In Havana we spoke to a young man whom we encountered on the streets. He holds a law degree and has a dream of working as a lawyer, but there are no jobs in this country for men like him. “I have worked as a police officer for a while, but I quit. I earned only 22 peso per month.” (+/- 20 euros – no wonder why corruption among officials is a large problem in this country.) “I wish I could travel the world to see other places, but I cannot. What do you think of the city?” he asks us. We say that it is beautiful, but he sighs. “Beautiful, you say? It’s only misery, that’s what it is. The streets are unpaved, when it rains the city turns into one large pool of mud. Our buildings are rotten and nearly collapsing. It’s not beautiful, it’s terrible.” Of course he is right, and we feel a pang of guilt – and this is the constant paradox of traveling in Cuba: we go there to admire all that is old and we even hope a little bit that things could forever stay this way so that the country can keep its unique charm, but the Cubans are hoping for progression and improvement, and no one can blame them for it.

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Seat yourself inside one of those beautiful oldtimer cars and drive for about 3 hours on mostly empty roads towards the west, to the spectacular Valle des Viñales where you will find green tobacco fields amidst towering mogotes, lime stone hills that rise from the flatlands. Feast on fresh fruits, rent a mountainbike and paddle your way through the fields on red-dirt roads. Drink fresh lemonade, cycle some more, get lost and get off your bike because the gears can no longer handle the steep incline of the road. Return to your casa and relax on a rocking chair on the veranda. Life is good.

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In Trinidad, feast on a typical home cooked Cuban meal of rice and beans on your casa’s rooftop terrace. Then wander the city’s colourful cobblestone streets and squares, have a mojito, or two, or three, while watching Cuban grandmothers and grandfathers dance salsa as if they were still in their 20s. Take a train to Valle de los Ingenios through the countryside’s fields full of grazing cows or rent bicycles and make your way down to Playa Ancón, a beautiful beach on the island’s azure coast, and laze around underneath a palm tree. On your way back to town, you may get a flat tire but not to worry; farmers returning to town with their horse-drawn carts will be happy to give you and your bike a ride.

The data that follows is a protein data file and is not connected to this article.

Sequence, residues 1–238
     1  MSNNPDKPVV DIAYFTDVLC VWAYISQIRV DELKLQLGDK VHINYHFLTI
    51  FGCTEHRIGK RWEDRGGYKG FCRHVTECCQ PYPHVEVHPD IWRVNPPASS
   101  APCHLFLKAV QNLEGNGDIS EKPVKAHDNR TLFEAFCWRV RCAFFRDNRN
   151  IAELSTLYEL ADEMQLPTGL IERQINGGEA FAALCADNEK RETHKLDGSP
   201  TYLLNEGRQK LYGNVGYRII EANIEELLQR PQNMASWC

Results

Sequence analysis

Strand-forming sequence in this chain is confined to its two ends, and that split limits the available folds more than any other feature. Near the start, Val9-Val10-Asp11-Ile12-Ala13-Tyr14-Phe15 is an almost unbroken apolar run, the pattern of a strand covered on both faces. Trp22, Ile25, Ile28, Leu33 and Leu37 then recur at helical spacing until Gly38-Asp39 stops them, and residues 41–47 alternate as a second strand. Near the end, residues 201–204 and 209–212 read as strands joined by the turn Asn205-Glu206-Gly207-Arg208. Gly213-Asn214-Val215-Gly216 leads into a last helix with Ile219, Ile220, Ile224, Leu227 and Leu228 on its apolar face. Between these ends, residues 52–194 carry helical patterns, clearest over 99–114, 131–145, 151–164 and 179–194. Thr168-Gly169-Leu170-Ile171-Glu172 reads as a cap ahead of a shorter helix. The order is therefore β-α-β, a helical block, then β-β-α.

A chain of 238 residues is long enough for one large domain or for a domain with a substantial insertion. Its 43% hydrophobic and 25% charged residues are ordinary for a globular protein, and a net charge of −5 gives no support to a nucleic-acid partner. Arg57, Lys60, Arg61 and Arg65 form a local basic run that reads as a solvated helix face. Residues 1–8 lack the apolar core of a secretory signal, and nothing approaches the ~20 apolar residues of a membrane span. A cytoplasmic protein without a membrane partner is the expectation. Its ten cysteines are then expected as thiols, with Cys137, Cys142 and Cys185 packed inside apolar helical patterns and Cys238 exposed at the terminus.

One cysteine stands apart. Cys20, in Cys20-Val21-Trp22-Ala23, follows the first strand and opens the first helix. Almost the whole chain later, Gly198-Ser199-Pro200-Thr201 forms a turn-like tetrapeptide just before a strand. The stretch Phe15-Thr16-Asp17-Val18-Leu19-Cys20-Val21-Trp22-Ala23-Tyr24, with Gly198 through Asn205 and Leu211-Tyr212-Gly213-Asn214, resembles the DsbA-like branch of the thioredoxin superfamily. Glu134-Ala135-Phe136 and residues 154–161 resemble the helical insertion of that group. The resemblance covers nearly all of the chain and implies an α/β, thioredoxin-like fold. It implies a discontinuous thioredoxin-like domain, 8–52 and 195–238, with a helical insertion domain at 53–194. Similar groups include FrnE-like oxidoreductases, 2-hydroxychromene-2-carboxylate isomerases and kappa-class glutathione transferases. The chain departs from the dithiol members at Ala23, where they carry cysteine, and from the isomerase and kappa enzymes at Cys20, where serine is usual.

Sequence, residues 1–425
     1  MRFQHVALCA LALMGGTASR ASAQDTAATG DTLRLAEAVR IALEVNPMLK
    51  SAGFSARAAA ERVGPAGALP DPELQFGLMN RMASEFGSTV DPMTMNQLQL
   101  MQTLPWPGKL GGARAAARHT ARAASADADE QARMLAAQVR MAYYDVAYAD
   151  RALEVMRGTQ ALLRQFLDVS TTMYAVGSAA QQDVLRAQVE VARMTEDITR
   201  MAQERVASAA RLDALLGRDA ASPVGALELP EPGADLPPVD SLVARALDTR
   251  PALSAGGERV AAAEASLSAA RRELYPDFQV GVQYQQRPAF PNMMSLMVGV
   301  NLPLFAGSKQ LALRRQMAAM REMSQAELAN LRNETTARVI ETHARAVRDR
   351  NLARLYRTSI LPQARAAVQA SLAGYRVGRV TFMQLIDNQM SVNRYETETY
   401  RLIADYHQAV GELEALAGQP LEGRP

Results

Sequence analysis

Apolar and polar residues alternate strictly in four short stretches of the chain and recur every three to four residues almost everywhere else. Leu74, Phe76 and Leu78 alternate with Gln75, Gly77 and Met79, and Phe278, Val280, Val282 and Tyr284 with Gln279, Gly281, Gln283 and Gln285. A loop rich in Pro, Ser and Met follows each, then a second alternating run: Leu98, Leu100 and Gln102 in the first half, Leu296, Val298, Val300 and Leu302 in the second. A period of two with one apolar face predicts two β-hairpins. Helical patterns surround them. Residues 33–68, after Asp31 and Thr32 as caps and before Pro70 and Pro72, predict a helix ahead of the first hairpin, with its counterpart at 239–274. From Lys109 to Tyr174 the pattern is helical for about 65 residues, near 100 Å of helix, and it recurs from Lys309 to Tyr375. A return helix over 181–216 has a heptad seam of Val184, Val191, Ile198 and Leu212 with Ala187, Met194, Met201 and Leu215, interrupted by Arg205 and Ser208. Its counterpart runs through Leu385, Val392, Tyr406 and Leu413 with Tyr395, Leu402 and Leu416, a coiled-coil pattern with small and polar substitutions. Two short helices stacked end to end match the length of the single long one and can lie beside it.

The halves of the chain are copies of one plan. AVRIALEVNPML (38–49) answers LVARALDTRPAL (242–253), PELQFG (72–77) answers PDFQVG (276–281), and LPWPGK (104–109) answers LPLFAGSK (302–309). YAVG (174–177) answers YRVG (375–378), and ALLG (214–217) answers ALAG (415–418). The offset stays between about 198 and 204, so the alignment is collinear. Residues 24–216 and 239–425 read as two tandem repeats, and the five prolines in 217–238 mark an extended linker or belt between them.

Last stop on this trip: the breezy city of Cienfuegos, which is reached by a ride in a blue-green Buick. Admire colonial villas on your way to Punta Gorda, then sit out the sunset in the José Martí park, observing the intricate qualities of local life: children and their footballs, scurrying dogs, old men and their newspapers, couples in love and lonely souls wandering to who knows where.

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Cuba is bound to change – sooner or later, irrespective of USA policies and restrictions. For its citizens this is a positive development and hopefully it means that they will also be able in time to leave their island and see other magnificent places on this planet. And for us travelers, it means that we should simply move this destination up on our bucket list and get there as soon as we can. Viva la revolucion!